“Then he invited me to try it. I stepped up on the trailer and went to the small control panel on the side of the engine compartment to flip the switch. Although I now wore Harry’s hearing protectors, it soon became evident that they weren’t sufficient and I slid a finger under each earmuff to hold my ears. At this point I was standing probably about seven feet behind the compressor-siren assembly. Suddenly everything else disppeared from existertee.… I looked briefly at my clothes and saw the fabric appeared blurry. My garments were vibrating at this same frequency! I even felt the sound in my beard and mustache.… My nose and the area just below my eyes began to ache slightly, and I noticed my eyes beginning to tear over.…

              “I felt as though I could reach out and touch the sound, or lean on it or even sit on it, maybe even pick it up with a shovel or swim in it. It was that physically real, as though the sound itself had taken on a new and somewhat viscous, liquid form. Now, I had to figure out how to shut this thing down without removing my fingers from my ears. Finally, I reached up and hit the switch with my right elbow! Then I stepped down and back as the siren once more slowed to idle speed.” While every pastime has its own particular joys, very few collectors of stamps, coins, or shaving mugs can report such a visceral experience with their hobby...
              The Chrysler Corporation was also developing an air-raid siren early in World War II, and its researchers met with Bell engineers in March 1942. This led to production of the ChryslerBeIl Victory Siren, which was powered by an in-line, eightcylinder, 140-horsepower Chrysler automobile engine. The twostage blower produced five pounds per square inch (psi) of pressure, for a sound output of 137 decibels (dB) at a distance of 100 feet, with a frequency of 430 Hz. To give an idea of how loud 137 dB is, a jet aircraft engine at full throttle produces about 130 dB at 100 feet. A shotgun blast generates roughly 140 dB at the muzzle (every 10 decibels represents a doubling of loudness as perceived by the average listener).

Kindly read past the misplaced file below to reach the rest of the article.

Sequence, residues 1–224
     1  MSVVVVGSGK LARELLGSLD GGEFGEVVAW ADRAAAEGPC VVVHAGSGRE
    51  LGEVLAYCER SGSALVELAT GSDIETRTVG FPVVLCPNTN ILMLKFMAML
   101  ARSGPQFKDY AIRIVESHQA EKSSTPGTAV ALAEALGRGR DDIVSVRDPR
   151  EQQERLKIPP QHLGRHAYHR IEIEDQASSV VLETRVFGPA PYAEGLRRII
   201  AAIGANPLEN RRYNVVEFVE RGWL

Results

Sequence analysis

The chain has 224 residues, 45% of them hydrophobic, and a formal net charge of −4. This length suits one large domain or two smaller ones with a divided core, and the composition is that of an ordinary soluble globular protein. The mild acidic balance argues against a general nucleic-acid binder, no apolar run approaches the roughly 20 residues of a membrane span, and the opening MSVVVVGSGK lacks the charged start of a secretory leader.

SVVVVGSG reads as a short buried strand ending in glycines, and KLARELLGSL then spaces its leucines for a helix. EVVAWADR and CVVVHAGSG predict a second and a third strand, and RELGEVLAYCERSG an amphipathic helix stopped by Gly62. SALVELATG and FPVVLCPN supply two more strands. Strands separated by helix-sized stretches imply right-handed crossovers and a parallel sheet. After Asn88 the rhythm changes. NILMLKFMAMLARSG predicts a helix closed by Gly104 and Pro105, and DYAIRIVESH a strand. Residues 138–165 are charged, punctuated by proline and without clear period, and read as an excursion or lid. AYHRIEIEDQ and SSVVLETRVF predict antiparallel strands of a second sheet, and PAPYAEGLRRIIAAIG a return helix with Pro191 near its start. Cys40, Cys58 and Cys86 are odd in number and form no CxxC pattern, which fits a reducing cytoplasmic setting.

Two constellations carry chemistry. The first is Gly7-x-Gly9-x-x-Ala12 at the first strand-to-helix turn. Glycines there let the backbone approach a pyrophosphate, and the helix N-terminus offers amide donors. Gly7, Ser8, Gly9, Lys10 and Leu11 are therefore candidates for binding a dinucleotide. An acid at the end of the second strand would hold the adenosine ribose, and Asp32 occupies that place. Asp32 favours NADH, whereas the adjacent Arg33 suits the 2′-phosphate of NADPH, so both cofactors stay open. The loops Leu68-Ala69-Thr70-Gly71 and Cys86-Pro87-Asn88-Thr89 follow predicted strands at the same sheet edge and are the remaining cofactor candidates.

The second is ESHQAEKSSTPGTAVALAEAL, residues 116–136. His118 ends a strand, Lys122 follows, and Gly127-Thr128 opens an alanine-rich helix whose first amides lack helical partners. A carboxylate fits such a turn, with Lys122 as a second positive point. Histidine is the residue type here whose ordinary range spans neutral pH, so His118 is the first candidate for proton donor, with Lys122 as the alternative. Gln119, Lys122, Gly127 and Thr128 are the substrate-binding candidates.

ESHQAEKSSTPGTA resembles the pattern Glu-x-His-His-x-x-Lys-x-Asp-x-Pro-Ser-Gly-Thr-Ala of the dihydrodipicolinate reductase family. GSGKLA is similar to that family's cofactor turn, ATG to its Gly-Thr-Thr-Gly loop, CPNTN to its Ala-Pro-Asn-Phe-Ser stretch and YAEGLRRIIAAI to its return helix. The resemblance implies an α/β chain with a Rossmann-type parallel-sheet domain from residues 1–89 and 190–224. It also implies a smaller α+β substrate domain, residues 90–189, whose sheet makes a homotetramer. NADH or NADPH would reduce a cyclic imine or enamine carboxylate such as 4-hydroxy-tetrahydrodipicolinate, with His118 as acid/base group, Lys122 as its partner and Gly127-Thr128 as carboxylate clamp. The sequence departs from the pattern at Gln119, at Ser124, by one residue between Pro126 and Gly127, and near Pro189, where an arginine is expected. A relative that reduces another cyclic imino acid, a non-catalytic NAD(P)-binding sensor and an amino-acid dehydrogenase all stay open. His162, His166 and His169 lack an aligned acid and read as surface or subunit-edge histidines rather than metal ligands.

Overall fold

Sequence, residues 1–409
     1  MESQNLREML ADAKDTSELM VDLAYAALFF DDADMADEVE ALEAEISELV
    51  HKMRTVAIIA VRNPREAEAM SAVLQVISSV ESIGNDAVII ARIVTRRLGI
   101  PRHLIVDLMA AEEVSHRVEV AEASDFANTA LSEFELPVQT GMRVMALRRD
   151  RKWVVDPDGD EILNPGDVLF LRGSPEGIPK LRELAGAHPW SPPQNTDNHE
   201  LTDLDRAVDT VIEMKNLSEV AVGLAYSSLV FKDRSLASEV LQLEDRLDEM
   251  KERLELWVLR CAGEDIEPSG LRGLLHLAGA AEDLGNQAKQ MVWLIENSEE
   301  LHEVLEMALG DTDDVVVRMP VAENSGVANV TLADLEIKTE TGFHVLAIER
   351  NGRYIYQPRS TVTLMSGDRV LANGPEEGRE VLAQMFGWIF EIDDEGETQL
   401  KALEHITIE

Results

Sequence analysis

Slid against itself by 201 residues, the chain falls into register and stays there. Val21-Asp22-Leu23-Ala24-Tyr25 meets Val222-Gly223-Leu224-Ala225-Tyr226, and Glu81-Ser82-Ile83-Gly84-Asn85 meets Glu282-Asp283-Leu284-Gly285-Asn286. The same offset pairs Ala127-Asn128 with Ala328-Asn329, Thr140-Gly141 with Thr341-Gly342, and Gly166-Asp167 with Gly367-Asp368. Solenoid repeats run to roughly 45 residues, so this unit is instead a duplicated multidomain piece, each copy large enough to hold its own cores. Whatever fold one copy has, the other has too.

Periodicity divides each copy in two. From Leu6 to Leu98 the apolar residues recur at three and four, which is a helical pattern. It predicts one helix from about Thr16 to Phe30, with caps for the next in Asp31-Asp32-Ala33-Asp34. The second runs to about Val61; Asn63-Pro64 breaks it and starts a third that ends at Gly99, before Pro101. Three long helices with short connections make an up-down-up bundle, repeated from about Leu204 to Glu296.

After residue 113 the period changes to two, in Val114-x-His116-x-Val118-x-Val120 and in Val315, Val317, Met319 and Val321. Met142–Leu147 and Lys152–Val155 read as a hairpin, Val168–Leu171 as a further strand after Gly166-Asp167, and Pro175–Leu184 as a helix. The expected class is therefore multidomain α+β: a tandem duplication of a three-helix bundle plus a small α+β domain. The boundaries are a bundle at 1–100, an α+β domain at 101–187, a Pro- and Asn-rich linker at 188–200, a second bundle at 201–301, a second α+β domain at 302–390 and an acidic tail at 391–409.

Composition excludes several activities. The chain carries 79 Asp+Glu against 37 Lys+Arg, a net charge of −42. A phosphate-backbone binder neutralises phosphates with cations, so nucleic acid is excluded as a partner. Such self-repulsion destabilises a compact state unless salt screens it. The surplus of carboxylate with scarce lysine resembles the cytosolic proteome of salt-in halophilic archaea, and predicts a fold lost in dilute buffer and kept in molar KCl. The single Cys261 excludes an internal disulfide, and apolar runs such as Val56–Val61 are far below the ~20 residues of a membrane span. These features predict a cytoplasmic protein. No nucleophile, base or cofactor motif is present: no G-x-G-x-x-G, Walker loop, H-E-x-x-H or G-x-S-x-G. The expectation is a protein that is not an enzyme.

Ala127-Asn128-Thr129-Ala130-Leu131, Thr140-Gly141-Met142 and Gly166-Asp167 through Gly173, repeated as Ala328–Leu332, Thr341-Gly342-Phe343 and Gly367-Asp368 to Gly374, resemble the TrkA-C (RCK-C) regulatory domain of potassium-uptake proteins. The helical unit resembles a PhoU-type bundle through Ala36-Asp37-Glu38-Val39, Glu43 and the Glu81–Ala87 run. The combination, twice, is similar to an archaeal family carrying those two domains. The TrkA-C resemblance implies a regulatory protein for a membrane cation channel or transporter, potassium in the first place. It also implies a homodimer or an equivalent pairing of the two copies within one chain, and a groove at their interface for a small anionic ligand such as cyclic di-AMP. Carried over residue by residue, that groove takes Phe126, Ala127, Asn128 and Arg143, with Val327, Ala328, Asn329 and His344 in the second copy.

Towns and cities across the United States and Canada ordered Victory sirens to warn citizens of air raids, tornadoes, and other disasters. Despite a 1942 price of $3,760 per siren (about $41,000 today), Detroit and Chicago bought 20 apiece. New York and Cincinnati purchased 10 apiece. In some instances the Chrysler-Bell Victory Sirens served their buyers into the early Cold War. None are known to survive today.

              From 1952 through 1957 Chrysler produced an improved version of its World War II siren driven by a 180-horsepower hemi V-8. This was an industrial version of Chrysler’s famous automobile engine, and it powered the siren through an automotive fluid coupling. The hemi V-8 drove a three-stage centrifugal compressor at 4,500 rpm. The compressor housing was about 42 inches across and 18 inches deep. The entire output of the compressor section then entered a circular chamber to which six cast-aluminum horns were attached.

              The horn throats, set at 60-degree intervals, formed a ring around the front of the siren. Just inside this circle was a round, half-ton, steel rotor plate with six ports. As this plate rotated, also at 4,500 rpm, the ports alternately opened and closed the throats of the six horns, creating a high-amplitude sound wave. The pressure inside the Chrysler siren was less than seven psi, but the compressor managed to move a huge quantity of air: 2,610 cubic feet per minute. Since the Chrysler siren’s blast was highly directional, many cities mounted their sirens on rotating turntables.

              In cold climates, engine-block heaters and battery warmers helped keep sirens on full alert in winter. Since inactivity tended to make the system unreliable, sirens were usually tested for 15 minutes at least once a month. Sirens could be started and shut down remotely, by either dedicated telephone lines or radio signals. The early Victory sirens were also equipped with a seat and a control panel so that an operator could start and stop the device manually.

              New warning methods have taken precedence in many situations, but sirens still have their uses. In Hawaii, for example, large sirens warn of tsunamis (tidal waves) and tropical storms. Fire departments stick to their mechanical sirens because they are louder than the electronic variety. With today’s motorists sealed into their cars with stereos blaring or cell phones in their ears, firefighters want to be sure they will be heard. While no one wants air-raid and civil defense signals to be as familiar as they were during the Cold War, it seems unlikely that the sound of a siren’s lusty wail will ever vanish completely.

              Ed P